This lecture, presented by Town Hall Seattle and sponsored by PCC Community Markets, is titled “Ask Marion: The Politics of Food and Nutrition.” It’s at 7:30 pm Seattle time and 10:30 pm New York time. Get tickets here.
Can Foods Be Ranked Nutritionally?
A comment posted yesterday under the Label category asks whether it is possible to rank foods: “The idea that I’m trying to express is some measure that shows that 100 calories of, say, broccoli sauteed in olive oil is healthier than 100 calories of shortbread cookies or 100 calories of potato chips, even if they happend to have the same number of fat grams.”
I have philosophical as well as practical problems with this kind of approach. First, the practical: Foods contain 40 to 50 components known to be required in the human diet and hundreds more (antioxidants, for example) that are not considered essential but have effects on health. All foods except sugar–which has calories but no nutrients–have lots of different nutrients, but in different proportions. Once you get beyond soft drinks, the situation gets really complicated. Many groups have taken this on: Center for Science in the Public Interest, Hannaford supermarkets, the Australian Heart Foundation, for example. I think they are way too complicated and the cut points set up a slippery slope. If you rank foods high because they contain vitamins, all companies have to do is add vitamins to their products to make them rank higher.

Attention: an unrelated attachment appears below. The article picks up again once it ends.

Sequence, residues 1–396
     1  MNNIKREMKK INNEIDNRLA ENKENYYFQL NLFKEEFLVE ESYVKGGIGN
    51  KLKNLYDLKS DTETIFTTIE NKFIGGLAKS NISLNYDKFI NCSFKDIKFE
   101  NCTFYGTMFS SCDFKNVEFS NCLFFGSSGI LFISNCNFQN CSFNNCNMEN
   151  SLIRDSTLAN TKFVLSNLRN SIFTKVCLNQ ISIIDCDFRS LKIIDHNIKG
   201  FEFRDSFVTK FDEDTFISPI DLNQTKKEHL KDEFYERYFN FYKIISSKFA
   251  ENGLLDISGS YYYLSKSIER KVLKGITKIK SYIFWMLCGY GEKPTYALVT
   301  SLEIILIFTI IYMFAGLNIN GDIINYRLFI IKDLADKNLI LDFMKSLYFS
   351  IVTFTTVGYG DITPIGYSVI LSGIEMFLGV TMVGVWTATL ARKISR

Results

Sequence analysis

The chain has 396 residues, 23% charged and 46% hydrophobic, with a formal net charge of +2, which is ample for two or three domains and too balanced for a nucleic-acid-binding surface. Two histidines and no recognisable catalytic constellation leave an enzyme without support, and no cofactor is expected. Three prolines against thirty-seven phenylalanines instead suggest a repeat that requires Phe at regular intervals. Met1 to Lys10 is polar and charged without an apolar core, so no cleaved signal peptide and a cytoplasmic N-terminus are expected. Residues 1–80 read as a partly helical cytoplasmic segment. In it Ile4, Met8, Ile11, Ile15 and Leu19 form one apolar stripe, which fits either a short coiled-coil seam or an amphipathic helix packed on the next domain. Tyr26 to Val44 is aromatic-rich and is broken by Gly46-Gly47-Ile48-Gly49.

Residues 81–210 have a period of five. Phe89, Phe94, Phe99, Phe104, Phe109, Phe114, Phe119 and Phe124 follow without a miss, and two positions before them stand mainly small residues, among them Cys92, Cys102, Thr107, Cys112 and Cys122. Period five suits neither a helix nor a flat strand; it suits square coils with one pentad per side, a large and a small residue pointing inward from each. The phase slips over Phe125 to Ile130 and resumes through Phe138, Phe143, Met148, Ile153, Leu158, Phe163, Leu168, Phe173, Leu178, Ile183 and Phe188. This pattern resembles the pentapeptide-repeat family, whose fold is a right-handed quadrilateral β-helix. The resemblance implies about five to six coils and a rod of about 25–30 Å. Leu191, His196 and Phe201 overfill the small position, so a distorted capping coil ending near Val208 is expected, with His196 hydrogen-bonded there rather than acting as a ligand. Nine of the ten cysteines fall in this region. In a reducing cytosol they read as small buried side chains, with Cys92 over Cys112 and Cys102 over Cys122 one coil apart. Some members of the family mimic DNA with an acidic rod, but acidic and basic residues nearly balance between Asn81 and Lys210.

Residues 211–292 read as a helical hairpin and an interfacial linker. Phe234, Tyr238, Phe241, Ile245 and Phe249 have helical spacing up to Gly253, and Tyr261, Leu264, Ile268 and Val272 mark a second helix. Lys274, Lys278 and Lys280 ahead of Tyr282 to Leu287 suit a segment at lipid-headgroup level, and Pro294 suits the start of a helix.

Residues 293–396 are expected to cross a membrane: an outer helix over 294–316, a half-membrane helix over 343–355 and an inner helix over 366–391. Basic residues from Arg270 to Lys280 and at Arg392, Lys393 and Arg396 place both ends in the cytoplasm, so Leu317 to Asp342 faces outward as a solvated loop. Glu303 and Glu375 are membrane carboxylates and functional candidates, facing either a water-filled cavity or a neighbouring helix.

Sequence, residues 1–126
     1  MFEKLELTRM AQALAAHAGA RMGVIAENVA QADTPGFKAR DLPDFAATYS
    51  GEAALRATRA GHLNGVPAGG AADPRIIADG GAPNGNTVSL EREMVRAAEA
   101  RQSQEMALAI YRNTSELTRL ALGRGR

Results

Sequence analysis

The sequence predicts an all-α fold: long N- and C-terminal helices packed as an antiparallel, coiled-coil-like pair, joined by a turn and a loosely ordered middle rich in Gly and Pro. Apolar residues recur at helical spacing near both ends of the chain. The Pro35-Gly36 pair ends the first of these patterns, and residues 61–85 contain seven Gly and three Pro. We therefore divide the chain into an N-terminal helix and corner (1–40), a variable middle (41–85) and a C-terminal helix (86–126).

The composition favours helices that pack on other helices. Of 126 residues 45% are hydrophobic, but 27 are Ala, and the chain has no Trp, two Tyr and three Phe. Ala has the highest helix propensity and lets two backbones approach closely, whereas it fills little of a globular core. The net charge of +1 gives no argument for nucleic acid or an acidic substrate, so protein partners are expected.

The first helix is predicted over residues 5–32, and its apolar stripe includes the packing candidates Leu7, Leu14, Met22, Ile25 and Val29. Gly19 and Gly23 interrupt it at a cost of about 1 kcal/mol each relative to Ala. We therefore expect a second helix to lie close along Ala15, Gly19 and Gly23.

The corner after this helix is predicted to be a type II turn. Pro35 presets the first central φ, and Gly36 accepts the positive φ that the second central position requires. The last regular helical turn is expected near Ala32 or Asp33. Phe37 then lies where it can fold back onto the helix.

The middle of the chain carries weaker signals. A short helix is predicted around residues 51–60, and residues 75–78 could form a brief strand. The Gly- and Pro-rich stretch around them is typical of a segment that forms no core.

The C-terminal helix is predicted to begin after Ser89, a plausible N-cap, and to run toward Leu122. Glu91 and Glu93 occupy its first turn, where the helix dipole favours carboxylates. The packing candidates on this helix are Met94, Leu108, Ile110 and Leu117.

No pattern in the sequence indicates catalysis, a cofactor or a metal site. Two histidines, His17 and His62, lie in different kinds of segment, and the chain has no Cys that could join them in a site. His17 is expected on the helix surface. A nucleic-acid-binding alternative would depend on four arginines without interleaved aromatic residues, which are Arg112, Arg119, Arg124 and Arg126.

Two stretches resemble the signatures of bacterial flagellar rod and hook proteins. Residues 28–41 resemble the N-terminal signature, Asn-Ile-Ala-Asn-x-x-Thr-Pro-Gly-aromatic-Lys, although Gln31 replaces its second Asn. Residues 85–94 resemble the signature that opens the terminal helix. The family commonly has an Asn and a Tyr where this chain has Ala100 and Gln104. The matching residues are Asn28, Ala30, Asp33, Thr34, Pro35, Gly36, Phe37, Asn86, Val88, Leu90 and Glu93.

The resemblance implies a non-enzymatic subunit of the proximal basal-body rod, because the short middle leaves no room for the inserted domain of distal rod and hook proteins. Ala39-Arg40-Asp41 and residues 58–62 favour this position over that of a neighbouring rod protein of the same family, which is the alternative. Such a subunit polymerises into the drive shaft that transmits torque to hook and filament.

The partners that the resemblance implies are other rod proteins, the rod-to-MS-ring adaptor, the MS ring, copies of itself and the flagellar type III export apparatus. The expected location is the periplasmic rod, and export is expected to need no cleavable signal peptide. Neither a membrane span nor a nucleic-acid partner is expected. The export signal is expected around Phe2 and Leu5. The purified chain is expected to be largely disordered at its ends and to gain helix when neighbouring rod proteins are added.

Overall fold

Philosophically, I much prefer the “eat less, move more, eat lots of fruits and vegetables, and don’t eat too much junk food” approach. Because there are so many different nutrients to keep track of, and because foods have nutrients in different proportions, eating lots of different kinds of relatively unprocessed foods takes care of nutritional needs. Keeping junk foods (highly processed by definition) to a minimum means that you don’t have to worry about the nutritional details and can enjoy what you eat.
Thanks for asking!